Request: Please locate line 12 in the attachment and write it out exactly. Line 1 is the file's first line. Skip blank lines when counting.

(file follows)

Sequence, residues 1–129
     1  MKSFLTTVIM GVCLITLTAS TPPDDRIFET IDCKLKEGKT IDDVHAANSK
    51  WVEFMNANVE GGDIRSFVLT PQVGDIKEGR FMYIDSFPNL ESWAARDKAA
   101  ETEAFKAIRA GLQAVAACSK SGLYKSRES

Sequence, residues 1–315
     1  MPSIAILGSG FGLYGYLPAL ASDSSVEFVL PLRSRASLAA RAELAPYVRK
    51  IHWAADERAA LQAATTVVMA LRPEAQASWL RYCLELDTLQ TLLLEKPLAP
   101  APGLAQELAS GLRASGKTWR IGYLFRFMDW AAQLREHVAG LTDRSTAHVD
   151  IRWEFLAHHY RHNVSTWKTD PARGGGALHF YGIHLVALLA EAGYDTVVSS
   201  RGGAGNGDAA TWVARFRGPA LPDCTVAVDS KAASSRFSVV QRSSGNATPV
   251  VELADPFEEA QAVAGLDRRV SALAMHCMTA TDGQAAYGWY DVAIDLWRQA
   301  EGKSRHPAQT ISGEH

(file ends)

   301  EGKSRHPAQT ISGEH